Kye-Mhon Bridge, West side of Mandalay Fort Moat, Myanmar

Visiting the Royal Palace at Mandalay.

Known as Mya Nan San Kyaw (The Famed Royal Emerald Palace) this is one of Mandalay's major tourist attractions.

King Mindon moved his capital to Mandalay from Amarapura in 1857 to fulfill a prophecy 2400 years earlier by the Gautama Buddha who had visited Mandalay Hill. The Palace was built in accordance with tradition to represent the cosmos with the sacred Mount Eru (the Throne Room at it's centre). The palace buildings at Amarapura were dismantled and re-assembled in situ - the centre piece being the Lion Room where the rulers held court. This elaborately carved teak building with upturned eaves had a seven tiered roof and high tower (Pyathat) which was decorated with jewels and gold leaf. The other buildings within the palace area were all made of teak and heavily carved and decorated. The whole city was contained within a fort (citadel) and surrounded by a wide moat.
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Mandalay Fort's wide Moat - Mandalay.
Mandalay Fort Moat
Huge Bastions and watchtower at  Mandalay Fort.
Moat Bastion
On Htate Gate - public entrance gate to the Palace at Mandalay.
On Htate Gate
West Gate watchtower and Bastion - Mandalay.
West Gate Watchtower
The fort has 24 foot high walls and 12 watch gates - again the watch gates designed with multi-tiered wooden carved roofs. The moat is 210 feet wide and can be crossed by four bridges - altogether a huge area of some 2.5kms square.
The city was eventually conquered by the British (in 1885) and used as a military base and then later on it was almost completely destroyed during WW2 (1945) to remove the Japanese.

Royal Palace entrance point at Mandalay Fort.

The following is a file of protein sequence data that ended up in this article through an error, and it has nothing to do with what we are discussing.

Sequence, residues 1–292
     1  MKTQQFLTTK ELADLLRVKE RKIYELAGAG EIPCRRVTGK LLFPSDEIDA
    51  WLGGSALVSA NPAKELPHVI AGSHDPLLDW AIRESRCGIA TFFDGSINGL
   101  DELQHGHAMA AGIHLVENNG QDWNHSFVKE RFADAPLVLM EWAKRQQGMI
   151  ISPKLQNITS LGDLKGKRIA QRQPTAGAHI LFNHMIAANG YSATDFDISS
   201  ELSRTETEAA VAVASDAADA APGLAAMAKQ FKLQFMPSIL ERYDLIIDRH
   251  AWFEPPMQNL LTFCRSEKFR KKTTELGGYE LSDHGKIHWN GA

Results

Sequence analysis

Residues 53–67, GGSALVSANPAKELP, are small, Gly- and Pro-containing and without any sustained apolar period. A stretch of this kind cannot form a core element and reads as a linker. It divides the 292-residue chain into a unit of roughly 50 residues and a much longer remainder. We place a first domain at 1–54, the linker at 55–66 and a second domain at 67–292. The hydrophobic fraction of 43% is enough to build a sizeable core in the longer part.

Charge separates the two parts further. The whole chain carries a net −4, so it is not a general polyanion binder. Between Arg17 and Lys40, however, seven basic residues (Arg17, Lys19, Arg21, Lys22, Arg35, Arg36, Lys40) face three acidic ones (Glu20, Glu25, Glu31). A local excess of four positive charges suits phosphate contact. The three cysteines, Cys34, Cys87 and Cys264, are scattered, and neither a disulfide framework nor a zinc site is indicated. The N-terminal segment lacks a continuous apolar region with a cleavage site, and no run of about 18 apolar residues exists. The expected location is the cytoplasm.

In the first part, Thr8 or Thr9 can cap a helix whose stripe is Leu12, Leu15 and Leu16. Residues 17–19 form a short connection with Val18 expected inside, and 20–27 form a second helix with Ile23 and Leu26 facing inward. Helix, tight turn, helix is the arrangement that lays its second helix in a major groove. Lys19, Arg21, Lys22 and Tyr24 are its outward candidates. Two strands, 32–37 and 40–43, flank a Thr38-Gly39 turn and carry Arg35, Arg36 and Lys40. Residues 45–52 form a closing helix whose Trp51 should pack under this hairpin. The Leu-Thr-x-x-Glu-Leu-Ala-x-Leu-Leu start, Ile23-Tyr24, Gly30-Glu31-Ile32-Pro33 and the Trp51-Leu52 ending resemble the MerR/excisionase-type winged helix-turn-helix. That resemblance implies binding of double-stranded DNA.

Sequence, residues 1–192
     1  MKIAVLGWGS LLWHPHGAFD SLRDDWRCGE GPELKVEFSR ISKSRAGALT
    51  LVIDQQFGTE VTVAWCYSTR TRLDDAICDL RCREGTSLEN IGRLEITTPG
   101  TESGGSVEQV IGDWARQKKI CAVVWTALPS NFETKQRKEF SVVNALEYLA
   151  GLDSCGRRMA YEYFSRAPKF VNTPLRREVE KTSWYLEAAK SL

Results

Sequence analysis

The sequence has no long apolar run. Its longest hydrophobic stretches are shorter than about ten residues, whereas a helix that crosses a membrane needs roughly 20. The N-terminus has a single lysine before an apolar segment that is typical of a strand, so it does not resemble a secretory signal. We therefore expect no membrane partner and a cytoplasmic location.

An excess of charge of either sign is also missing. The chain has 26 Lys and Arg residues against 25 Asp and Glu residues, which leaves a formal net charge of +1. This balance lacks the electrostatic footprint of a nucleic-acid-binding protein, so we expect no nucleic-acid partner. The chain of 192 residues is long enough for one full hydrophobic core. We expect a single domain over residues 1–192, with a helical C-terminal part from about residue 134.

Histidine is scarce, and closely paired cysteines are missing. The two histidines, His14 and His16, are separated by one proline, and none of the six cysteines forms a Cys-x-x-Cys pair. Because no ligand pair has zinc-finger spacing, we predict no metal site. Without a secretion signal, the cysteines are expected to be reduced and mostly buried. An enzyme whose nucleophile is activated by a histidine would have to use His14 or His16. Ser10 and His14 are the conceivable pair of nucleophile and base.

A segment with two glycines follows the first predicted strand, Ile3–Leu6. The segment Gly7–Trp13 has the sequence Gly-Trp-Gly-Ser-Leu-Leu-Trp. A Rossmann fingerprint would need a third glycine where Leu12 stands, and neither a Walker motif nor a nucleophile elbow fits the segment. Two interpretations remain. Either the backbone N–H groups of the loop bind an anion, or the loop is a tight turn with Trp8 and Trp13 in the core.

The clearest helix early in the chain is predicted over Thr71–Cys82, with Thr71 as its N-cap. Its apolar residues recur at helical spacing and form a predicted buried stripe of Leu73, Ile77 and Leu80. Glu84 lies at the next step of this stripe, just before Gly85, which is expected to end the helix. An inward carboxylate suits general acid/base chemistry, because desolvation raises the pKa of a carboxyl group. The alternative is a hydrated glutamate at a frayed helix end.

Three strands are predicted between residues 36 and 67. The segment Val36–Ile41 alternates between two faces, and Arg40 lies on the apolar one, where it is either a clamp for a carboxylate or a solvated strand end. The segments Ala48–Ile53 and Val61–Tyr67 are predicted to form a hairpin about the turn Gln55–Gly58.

Royal Palace entrance
Various Royal Palace buildings at Mandalay.
Royal Palace buildings
The Royal Palace - Mandalay.
Royal Palace
A reconstructed building at The Royal Palace - Mandalay.
Royal Palace building
If heading to the Royal Palace after visiting the Mandalay Hill area it is of course possible to walk there using the East side of the moat which is along a pavement whichis lined with trees and even a few seats however this is around 2kms. Then there is the long walk from the Ticket Office to the Palace itself so especially if time is limited then a taxi might be a good idea. There is no need to retain your taxi as there are usually plenty hanging around at the car park in front of the Palace entrance.
Note that in order to visit this reconstruction of the Palace the only tourist access is via the East Gate. Once over the Moat there are several police around and there is also a ticket office where they will want to see your Combo Ticket (which does cover Palae admission). To actually reach the Palace from there involves a long walk along a wide straight road - as the area is still used by the Burmese military you cannot leave the road and there is nowhere to stop.
Chief Queen's Apartments at Mandalay Palace.
Chief Queens Apartments
Royal Palace reconstructed building - Mandalay.
Royal Palace building
Great Audience Hall at the Royal Palace in Mandalay.
Great Audience Hall
Pair of Royal Palace buildings at Mandalay.
Royal Palace buildings
While the reconstruction of much of the Palace (which occurred in the 1990s) of around 40 buildings is useful to understand the scale of the area, sadly authentic materials and use of skilled craftsmen was not apparently used. This means that the buildings certainly lack something - perhaps not at all helped by the liberal use of pink painted corrugated sheets as part of the roofs. There is certainly no comparison with the Shwenandaw Kyaung which was thankfully moved to Mandalay Hill area before the destruction - the monastery does show what it was once like at the Palace.
Our other items about Mandalay and surrounding area.
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